However, these results suggest that most seeds survive and may germinate. It is clear that seeds introduced into the diet of these animals that survive rumen degradation and remain dormant may germinate in the feces of cattle in the field.

4. Conclusions

Ruminal digestion, simulated by in vitro and in situ fermentation techniques, showed that seeds with resistant teguments have high potential to be introduced into the diet of cattle, for ruminal digestion poses low risk, mainly to the seeds of butterfly pea (cunhã), perennial soybeans and archer.

In this study, stylosanthes should not be inserted in the

Figure 5. Regression for the percentage of germination of “hard” seeds of butterfly pea, perennial soybean and archer, due to periods of in vitro fermentation and after scarification.

Figure 6. Regression for the percentage of germination of “hard” seeds of butterfly pea, perennial soybean and archer, due to periods of incubation in situ.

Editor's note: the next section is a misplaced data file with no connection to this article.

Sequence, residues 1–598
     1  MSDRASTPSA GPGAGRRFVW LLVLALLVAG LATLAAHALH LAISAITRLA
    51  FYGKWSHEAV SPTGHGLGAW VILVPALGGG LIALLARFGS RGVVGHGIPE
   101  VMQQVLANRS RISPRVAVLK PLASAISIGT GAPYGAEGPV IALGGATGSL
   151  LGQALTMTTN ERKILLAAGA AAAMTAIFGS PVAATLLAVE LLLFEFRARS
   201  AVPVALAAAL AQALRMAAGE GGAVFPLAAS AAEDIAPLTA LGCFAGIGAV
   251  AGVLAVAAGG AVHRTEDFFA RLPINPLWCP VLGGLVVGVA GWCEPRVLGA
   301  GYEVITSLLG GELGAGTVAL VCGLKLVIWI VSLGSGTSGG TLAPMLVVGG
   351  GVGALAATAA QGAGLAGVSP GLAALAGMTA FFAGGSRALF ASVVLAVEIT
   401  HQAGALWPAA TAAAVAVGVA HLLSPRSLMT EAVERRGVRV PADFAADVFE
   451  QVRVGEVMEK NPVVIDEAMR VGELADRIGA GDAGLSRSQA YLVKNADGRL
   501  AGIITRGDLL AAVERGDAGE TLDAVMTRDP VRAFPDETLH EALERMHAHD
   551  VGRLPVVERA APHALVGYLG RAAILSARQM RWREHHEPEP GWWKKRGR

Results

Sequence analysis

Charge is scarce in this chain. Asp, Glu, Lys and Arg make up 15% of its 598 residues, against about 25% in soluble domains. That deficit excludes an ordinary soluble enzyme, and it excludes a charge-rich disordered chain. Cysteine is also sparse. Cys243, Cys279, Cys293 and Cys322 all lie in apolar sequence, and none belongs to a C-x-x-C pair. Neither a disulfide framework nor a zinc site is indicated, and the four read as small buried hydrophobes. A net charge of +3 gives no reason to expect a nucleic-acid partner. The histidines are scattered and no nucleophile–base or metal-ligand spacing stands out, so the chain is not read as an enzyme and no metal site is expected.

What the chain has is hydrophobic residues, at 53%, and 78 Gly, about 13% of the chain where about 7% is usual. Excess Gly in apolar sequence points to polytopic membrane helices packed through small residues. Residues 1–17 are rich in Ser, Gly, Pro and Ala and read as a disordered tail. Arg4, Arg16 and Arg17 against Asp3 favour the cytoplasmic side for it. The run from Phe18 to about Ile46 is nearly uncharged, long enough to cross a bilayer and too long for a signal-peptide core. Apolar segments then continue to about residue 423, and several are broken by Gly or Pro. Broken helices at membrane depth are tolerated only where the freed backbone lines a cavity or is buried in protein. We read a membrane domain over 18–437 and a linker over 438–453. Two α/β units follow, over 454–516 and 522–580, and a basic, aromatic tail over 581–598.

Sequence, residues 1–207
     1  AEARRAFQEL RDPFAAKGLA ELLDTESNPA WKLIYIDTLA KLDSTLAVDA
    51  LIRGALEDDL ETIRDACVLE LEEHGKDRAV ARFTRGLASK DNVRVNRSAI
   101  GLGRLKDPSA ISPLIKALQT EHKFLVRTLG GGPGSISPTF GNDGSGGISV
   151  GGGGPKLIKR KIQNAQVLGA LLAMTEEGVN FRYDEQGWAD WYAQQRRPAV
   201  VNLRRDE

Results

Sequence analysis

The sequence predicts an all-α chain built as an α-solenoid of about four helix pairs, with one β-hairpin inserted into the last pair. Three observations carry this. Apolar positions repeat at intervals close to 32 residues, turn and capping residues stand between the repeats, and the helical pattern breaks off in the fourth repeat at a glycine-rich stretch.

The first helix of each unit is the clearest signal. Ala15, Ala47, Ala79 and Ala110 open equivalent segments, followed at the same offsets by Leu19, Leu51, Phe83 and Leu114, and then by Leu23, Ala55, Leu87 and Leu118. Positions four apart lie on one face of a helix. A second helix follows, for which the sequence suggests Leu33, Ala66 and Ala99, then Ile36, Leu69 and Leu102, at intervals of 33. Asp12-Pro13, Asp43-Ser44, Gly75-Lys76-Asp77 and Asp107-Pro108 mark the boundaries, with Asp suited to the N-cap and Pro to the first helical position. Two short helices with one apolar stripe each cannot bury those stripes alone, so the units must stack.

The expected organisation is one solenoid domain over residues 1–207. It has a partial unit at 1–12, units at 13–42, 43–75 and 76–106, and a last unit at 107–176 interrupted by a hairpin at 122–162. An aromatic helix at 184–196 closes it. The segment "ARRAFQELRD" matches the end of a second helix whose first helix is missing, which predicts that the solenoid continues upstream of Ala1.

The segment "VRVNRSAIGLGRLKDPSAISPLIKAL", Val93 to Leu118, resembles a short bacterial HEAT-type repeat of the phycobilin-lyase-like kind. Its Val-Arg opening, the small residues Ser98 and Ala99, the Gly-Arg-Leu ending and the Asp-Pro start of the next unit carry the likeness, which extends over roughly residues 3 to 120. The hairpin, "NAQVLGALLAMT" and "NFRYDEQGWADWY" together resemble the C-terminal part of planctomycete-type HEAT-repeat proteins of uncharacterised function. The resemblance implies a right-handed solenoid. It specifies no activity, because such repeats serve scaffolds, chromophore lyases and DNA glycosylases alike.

feeding of cattle aiming to be introduced in the pastures precisely because it is sensitive to the ruminal digestion stage. Further studies should be conducted for better knowledge about these results and for assessing the possible introduction of legumes through bovines into pastures.

5. Acknowledgements

FAPERJ—Carlos Chagas Filho Foundation for Research Support of Rio de Janeiro State, CNPq—Coordination of Improvement of Higher Education Personnel, CAPES—National Council for Scientific and Technological Development, UFRRJ—Federal Rural University of Rio de janeiro, UFC—Federal University of Ceará, EMBRAPA—Brazilian Agricultural Research Corporation, PESAGRO-RIO—Agricultural Research Corporation of Rio de Janeiro State, UNIOESTE—University of West of Paraná State.